The Amelia Scott Centre opened its doors in May 2022

“It was a complete strip back and refurbishment project, but we had to retain much of the original buildings, including doors, ironmongery and the plaster skirting boards,” says Booth.

“Because the original plaster was made from lime and horsehair, we had to employ a specialist to mix similar plaster for the replacement to meet the conservation requirements. Replastering the walls of lots of high-ceilinged rooms became a painstaking, time-consuming job – and the plaster then needed months to dry properly.”

The refurbishments were complicated by the variety of the materials and construction methods used for the existing library buildings. The 1950s library, sited over a Second World War bomb shelter, was built with whatever materials were available under the still-operating rationing system.

Buildings have been connected by an airy barrel-vaulted central lobby

Willmott Dixon’s team found an assortment of bricks, cavity walls and concrete slabs, all of which had to be picked apart and reconfigured. It was equally testing in the old adult education centre, where the team discovered a mixture of brickwork and steel and timber joists infilled with clinker concrete.

Firming up project costings

When the team arrived on site in spring 2019 to firm up project costings, the first challenge was to find ways of reconciling the clients’ ambitions with the available budget.

Various value-engineering suggestions needed approval by committees at both Kent County Council (KCC) and Tunbridge Wells Borough Council (TWBC) as well as their architect Purcell and project manager Spider. This was a complex command structure, and one which the Willmott Dixon team had to negotiate their way around throughout the project’s numerous inevitable variations.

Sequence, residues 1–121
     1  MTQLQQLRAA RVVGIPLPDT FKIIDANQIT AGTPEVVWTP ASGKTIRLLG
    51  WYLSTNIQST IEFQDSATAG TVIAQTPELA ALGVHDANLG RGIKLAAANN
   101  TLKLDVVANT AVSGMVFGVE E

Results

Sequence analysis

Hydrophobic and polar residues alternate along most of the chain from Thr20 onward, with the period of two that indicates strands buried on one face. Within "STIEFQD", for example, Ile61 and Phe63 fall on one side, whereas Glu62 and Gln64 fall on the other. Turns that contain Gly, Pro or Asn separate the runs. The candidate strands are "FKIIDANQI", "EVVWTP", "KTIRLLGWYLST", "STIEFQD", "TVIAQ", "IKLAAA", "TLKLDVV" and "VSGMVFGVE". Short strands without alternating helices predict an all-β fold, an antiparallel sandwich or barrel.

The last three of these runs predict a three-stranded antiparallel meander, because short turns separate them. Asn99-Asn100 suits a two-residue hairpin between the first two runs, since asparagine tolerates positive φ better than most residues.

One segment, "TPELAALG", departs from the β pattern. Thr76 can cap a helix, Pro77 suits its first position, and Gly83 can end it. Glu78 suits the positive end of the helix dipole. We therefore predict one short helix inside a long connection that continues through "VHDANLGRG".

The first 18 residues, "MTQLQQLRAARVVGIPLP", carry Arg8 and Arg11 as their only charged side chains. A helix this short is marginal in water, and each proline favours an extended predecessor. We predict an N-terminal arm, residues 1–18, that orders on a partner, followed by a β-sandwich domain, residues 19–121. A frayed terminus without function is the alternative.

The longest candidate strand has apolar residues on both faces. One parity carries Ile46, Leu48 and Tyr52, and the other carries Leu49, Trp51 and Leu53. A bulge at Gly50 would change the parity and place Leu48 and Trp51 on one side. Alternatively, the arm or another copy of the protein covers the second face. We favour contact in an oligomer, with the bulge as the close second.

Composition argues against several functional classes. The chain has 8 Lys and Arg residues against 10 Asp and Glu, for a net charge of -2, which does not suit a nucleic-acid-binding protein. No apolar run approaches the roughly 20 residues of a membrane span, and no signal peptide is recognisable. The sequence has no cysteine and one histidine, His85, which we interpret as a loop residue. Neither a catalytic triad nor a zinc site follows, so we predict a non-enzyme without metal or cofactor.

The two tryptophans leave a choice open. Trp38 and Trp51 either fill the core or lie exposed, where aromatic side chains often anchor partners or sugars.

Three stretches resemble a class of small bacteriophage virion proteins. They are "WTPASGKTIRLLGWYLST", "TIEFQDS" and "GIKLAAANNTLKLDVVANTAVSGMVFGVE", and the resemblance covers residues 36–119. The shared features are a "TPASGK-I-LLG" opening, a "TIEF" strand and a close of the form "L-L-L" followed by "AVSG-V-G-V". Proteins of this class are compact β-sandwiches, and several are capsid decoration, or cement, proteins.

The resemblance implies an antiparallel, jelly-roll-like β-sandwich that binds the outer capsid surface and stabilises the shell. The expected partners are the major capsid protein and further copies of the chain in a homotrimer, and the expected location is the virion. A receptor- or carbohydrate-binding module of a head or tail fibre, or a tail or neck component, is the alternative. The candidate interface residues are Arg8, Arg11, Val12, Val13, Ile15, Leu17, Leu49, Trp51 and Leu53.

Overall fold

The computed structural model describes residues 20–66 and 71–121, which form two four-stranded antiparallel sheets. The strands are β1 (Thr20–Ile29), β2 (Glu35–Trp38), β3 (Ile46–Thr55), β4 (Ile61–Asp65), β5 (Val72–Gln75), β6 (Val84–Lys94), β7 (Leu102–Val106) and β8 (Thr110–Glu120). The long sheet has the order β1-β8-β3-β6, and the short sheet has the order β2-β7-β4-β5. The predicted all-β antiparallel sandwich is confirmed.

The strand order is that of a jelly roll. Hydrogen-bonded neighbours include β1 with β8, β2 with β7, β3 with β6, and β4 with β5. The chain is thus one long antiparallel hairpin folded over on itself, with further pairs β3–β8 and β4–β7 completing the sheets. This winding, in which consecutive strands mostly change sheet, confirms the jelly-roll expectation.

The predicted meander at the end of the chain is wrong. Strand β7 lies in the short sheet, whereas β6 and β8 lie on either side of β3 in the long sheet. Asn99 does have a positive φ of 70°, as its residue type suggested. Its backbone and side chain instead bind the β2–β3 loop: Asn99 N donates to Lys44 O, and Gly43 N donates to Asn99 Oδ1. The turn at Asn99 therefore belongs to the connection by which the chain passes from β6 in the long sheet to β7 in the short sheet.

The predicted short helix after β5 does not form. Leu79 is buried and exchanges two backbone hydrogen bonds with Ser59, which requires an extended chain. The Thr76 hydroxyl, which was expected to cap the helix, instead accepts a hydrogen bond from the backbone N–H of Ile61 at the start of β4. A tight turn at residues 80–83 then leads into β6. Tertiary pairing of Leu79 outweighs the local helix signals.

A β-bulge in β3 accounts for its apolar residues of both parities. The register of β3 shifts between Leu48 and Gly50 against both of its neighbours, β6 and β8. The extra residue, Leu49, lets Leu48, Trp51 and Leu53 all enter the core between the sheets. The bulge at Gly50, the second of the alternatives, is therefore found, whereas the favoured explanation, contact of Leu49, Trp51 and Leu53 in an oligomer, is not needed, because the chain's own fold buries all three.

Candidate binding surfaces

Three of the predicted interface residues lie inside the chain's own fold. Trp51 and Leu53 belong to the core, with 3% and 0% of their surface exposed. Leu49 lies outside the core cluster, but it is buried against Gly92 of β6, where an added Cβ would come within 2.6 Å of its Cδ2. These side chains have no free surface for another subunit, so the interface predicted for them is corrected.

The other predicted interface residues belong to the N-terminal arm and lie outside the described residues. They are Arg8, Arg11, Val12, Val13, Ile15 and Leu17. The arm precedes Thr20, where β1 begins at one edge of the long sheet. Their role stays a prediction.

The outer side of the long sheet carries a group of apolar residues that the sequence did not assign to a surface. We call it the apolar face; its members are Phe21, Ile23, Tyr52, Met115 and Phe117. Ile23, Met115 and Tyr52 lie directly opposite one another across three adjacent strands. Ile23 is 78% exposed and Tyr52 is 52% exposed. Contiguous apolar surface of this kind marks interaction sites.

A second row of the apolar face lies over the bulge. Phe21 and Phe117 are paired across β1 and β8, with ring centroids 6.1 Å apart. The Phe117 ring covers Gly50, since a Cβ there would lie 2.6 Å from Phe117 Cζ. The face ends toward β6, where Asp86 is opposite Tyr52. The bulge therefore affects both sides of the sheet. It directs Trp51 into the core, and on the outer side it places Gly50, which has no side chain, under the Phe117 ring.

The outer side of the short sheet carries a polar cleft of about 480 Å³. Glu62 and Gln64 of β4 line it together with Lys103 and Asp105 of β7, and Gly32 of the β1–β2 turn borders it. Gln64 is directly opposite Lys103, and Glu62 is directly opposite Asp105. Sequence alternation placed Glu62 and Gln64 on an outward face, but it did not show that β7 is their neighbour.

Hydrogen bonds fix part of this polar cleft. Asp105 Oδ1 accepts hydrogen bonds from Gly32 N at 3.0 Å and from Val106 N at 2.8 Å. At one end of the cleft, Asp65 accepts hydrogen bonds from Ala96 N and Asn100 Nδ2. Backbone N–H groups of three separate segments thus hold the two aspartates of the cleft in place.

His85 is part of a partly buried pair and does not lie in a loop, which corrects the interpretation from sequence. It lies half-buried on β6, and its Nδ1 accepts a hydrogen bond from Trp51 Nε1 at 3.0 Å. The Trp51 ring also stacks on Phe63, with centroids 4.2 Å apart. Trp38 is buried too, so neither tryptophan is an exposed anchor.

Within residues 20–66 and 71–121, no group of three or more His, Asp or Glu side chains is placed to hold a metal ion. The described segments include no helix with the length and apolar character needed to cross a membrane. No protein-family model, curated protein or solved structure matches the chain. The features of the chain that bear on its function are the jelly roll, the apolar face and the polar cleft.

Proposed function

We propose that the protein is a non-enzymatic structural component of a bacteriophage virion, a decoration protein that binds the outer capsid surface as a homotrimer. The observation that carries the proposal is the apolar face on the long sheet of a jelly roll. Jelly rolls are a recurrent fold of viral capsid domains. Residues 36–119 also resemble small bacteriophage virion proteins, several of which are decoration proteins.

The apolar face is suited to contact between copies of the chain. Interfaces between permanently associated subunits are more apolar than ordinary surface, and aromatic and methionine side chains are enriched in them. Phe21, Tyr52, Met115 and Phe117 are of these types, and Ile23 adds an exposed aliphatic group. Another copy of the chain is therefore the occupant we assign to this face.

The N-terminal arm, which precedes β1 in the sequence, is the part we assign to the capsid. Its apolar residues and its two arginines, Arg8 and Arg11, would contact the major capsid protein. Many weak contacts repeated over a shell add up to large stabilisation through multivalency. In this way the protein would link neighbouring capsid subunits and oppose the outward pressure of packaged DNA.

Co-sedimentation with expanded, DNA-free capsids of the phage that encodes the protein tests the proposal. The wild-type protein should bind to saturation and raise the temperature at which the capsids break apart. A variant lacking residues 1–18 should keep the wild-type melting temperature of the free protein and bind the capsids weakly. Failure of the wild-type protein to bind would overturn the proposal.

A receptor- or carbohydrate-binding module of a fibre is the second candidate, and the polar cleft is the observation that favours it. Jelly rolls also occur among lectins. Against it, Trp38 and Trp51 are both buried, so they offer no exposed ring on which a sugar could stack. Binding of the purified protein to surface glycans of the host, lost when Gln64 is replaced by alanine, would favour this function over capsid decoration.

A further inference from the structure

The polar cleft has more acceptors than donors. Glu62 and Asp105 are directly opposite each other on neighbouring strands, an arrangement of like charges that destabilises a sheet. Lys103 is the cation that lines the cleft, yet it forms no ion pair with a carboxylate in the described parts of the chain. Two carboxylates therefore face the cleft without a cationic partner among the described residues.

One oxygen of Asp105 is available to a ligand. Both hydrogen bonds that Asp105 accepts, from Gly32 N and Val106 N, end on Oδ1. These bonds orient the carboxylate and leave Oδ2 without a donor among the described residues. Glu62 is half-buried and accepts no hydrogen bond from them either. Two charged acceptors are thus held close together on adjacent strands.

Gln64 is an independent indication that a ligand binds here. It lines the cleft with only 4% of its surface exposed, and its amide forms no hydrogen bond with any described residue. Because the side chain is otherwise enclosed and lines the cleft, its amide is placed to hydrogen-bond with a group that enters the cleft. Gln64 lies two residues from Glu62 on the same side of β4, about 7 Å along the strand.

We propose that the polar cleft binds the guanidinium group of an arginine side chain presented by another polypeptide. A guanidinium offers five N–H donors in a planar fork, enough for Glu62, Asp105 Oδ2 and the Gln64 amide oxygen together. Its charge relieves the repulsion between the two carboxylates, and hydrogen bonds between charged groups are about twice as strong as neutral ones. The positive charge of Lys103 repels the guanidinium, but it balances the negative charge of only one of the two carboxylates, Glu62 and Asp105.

Having persuaded the team to modify certain aspects of the design, the client pressed the button on construction work on site in January 2020, about six months behind the original programme.

CV: Duncan Booth MCIOB

Since joining Willmott Dixon six years ago, construction manager Duncan Booth has become a heritage specialist. He worked on the Old Admiralty project in Westminster, a famous rabbit warren of a building with more than 650 rooms, where Winston Churchill once had his office. From there he moved onto the Amelia Scott Centre.

Prior to Willmott Dixon, he worked as a contracts manager for ITC Concepts on the Enfield Civic Centre refurbishment, for Guernsey contractor J W Rihoy, and at Killby & Gayford.

The heavy-duty parts of the programme, which created 4,000 tonnes of muckaway, followed a relatively straightforward path. First, demolition of the outbuildings, lay foundations for the new archive building. Then the areas at the back of the library were demolished, and the reinforced concrete poured for the new archive wing, with its 1m thick walls. The foundations and ground floor slabs for the central lobby that serves as a connecting bridge between the two buildings were then laid.